In theory, diversification into offshore markets should lower the risk of a South African portfolio but the volatility of the rand offsets this benefit to a significant degree. The rand has often moved by more than 20% against the dollar in a twelve-month period (and sometimes as much as 60%). Over the last 19 years the rand has average annualised volatility of about 17% against the dollar.

 

Hedging the rand removes currency volatility, as well earning an SA investor positive carry. This can dramatically improve the risk-adjusted returns for South African investors on many offshore asset classes which might otherwise look unattractive. This is particularly true for fixed income assets which are less volatile in themselves.

 

As an example, from November 2003 to June 2022 a representative index of global sovereign bonds would have returned about 9% per annum. If a South African investor had owned that index without hedging the rand, they would have experienced annual volatility of over 17% to make that return. If they had been able and willing to hedge the rand, they would have improved the return slightly but experienced dramatically lower volatility, about 3%.

 

2. You get paid to hedge the rand

It feels like a painful fact of life for South African investors that the rand steadily loses value, but many people don’t appreciate that over time the actual depreciation in the spot value has been more than offset by the positive carry that is available from hedging US dollars into rand. Investors are effectively paid to take the hedge.

 

This ‘positive carry’ is explained by the difference between interest rates in South Africa and the US. FX forwards (contracts agreeing future FX prices), are the most basic form of hedge. The price at which buyers and sellers will agree today to trade rand for dollars at some point in the future is a function of ‘covered interest rate parity’ (CIRP), an example of market efficiency in action. CIRP explains the future path of the rand/dollar price as a function of the difference in interest rates in South Africa and the US. The market sets forward prices at levels at which traders cannot make riskless profits by borrowing rand, using them to buy dollars, putting those dollars in the bank and simultaneously agreeing a forward contract to sell them for rand again in the future. We explain this dynamic in more detail in our white paper available here.

 

In pictures: STANLIB’s indicative strategic asset allocation
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Conclusion

For investors able and willing to hedge currency risk, our analysis clearly suggests that they should move toward their offshore allowance at the 45% limit and then hedge more or less of the rand according to their risk appetite (i.e., targeted returns): more for lower risk portfolios, less for higher risk portfolios. Eliminating currency volatility improves risk-adjusted returns for South African investors across many offshore asset classes, but particularly in less volatile instruments like global bonds.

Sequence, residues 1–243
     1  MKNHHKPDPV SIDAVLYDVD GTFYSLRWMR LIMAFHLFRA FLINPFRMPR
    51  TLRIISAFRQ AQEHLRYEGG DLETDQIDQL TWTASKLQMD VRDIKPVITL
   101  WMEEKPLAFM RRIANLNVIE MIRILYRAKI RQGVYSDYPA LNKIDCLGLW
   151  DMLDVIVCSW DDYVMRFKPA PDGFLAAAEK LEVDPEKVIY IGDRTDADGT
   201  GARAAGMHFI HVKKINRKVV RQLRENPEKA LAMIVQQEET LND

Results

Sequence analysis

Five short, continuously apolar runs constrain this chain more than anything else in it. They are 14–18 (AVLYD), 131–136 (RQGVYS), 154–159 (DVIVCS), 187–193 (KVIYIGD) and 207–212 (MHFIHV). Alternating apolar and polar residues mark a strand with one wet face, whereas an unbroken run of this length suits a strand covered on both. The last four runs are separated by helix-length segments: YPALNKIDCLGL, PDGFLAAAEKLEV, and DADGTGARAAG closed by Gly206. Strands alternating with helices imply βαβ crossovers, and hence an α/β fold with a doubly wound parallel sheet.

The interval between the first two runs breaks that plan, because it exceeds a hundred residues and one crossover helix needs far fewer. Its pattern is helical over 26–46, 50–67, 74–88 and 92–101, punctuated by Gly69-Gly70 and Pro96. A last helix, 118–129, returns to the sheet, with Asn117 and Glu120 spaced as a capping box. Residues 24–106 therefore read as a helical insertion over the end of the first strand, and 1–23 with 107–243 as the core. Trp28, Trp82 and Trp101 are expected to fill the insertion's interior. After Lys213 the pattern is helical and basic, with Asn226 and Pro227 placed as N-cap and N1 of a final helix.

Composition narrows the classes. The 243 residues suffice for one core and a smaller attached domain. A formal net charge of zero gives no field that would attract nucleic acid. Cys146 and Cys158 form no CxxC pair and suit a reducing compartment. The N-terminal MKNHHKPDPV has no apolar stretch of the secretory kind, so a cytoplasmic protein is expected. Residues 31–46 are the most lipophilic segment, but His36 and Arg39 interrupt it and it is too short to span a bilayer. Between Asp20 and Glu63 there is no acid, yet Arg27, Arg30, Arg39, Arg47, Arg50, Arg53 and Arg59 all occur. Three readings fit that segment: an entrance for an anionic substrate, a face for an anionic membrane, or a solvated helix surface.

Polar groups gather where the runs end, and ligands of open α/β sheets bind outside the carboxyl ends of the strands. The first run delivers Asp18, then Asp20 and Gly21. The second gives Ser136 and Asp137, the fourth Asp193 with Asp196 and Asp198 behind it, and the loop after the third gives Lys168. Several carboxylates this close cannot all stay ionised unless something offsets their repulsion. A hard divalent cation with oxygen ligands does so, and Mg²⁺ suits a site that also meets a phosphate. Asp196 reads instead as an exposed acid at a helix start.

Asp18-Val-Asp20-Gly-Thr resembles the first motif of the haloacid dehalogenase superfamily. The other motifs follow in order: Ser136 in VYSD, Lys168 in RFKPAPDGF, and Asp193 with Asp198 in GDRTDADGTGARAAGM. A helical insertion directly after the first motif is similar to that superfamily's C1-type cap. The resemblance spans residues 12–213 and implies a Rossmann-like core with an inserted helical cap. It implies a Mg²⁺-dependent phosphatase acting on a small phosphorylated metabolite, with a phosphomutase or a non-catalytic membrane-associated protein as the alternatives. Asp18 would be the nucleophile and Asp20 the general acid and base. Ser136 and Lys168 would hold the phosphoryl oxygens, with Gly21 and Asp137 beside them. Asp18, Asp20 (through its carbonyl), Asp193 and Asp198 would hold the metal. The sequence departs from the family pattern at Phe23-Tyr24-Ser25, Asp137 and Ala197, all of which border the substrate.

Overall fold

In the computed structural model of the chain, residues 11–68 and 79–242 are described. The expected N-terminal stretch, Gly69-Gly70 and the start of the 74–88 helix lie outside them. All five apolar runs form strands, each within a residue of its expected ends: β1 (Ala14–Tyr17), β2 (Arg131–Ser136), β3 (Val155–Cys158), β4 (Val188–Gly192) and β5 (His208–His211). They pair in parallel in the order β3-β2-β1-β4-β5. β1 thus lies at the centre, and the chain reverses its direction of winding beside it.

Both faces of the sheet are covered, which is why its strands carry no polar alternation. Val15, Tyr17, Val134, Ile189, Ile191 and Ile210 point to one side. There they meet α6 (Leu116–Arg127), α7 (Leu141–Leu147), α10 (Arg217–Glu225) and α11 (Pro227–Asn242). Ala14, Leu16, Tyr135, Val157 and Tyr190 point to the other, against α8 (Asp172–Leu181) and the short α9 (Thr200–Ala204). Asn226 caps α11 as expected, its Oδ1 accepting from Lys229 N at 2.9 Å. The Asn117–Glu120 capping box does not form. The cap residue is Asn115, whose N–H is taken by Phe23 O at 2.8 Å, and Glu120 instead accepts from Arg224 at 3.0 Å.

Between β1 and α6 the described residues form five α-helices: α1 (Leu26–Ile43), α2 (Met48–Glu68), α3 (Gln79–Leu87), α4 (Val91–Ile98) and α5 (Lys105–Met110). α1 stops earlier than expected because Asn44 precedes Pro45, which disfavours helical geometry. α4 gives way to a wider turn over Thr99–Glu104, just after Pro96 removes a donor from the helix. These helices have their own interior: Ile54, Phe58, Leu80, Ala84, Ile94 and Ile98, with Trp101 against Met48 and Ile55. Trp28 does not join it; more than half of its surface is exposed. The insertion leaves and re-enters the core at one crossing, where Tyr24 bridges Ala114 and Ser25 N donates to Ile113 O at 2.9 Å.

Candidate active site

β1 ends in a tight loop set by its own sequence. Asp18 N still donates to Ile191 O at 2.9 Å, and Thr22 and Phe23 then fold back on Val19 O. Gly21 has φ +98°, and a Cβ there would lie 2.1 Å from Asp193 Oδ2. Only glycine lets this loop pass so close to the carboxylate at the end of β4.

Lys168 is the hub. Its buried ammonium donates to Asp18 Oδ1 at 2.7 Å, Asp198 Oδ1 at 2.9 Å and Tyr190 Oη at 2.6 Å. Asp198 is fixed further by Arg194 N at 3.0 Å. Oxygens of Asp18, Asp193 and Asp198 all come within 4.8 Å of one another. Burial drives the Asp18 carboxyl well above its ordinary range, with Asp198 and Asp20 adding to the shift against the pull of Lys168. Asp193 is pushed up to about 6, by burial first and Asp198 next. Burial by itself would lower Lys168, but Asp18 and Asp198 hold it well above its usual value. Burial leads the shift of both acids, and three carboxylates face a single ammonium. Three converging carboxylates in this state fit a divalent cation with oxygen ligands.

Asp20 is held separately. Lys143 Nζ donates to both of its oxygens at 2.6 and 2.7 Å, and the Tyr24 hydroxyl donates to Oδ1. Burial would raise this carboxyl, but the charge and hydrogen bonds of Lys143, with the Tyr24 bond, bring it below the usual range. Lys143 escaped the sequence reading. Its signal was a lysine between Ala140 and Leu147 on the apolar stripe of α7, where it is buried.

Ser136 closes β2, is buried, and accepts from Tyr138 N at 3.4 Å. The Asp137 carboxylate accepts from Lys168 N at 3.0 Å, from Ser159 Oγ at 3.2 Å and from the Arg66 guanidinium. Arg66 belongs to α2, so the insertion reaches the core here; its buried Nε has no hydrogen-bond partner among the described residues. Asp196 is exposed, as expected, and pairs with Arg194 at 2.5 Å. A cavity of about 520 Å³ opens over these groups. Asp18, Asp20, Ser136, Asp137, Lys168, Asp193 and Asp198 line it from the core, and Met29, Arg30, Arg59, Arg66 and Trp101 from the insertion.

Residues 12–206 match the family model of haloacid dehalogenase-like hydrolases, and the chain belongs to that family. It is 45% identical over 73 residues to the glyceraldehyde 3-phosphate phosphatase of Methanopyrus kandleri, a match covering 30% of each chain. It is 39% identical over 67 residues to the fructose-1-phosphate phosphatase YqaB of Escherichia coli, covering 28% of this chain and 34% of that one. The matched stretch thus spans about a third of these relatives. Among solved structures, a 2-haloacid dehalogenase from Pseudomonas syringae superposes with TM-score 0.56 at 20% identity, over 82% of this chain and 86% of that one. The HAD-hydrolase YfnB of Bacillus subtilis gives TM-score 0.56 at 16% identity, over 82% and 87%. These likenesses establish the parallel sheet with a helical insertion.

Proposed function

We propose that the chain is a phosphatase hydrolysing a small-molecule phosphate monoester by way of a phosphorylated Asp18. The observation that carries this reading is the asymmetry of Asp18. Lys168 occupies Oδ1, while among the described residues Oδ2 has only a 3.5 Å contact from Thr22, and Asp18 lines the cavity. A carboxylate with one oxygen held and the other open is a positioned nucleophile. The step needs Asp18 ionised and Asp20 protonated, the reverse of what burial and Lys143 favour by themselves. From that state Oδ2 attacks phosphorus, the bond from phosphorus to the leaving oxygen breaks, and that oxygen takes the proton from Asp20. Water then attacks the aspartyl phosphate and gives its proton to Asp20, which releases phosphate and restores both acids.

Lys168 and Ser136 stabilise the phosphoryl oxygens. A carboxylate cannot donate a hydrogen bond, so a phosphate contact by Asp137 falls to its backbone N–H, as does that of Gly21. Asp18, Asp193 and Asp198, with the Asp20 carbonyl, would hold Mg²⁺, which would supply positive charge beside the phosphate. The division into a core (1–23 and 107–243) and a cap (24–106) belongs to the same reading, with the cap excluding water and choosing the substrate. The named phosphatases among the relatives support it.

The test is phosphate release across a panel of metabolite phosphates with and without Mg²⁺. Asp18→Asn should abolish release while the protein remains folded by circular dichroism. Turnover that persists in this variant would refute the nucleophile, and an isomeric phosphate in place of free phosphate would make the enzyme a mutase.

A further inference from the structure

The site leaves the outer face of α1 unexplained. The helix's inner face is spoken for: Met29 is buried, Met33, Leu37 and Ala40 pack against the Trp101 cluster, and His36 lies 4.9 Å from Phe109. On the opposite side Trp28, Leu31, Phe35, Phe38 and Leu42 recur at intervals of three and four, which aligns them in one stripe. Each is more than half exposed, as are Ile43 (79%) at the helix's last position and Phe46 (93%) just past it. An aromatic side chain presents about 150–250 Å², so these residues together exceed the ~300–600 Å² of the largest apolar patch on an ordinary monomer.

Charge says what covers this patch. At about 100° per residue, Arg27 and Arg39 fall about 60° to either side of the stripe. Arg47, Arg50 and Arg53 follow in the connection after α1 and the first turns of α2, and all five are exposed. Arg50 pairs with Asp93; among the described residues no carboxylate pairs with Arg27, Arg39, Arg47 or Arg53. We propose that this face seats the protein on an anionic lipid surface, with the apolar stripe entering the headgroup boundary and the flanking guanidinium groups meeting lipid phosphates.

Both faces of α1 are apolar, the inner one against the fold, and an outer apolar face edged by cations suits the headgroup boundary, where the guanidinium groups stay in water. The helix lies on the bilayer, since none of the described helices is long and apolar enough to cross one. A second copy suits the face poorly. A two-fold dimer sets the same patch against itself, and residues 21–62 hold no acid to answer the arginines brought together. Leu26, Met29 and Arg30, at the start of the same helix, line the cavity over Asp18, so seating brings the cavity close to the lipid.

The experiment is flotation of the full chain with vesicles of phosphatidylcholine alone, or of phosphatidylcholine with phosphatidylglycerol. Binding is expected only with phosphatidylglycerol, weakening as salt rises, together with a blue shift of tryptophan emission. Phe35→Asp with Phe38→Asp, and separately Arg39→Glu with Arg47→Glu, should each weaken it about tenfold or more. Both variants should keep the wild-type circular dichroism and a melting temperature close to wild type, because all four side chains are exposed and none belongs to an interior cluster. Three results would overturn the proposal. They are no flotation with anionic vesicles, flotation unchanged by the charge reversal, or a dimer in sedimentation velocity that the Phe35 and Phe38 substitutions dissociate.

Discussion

A rough rule of thumb would be to hedge half the offshore allocation, hedging a bit more in low-risk portfolios and hedging a bit less in more equity heavy portfolios. This is because the portfolio construction benefits are larger when hedging bonds than hedging equity.

 

For investors who are unable or unwilling to hedge currency risk, offshore allocation should correlate with risk appetite, rising from 20% for the most conservative investors to the maximum 45% for the most aggressive. The difference is that South African cash has provided positive real returns with zero volatility (by definition) meaning a conservative South African investor could grow the real value of their savings with very little risk; we see positive real returns on cash persisting but at lower levels than we have seen in the past.

 

Simply put, the higher an investor’s targeted rate of return the greater their offshore allocation should be, and if they can hedge the FX risk then they should do so. We have framed our thoughts through the lens of the increased offshore limit, but they apply to all South African multi-asset investors. STANLIB applies a similar process and thinking to portfolios with different asset class universes, constraints, time horizons and return objectives. Our white paper presents our detailed analysis of how the new 45% offshore limit would have affected optimal investment strategies in the past and how STANLIB’s strategic asset allocation framework looks in light of the change to Regulation 28.

 

[1] See Triumph of the Optimists by Dimson, Marsh and Staunton or the Credit Suisse Global Investment Yearbook 2022 by Dimson and Staunton.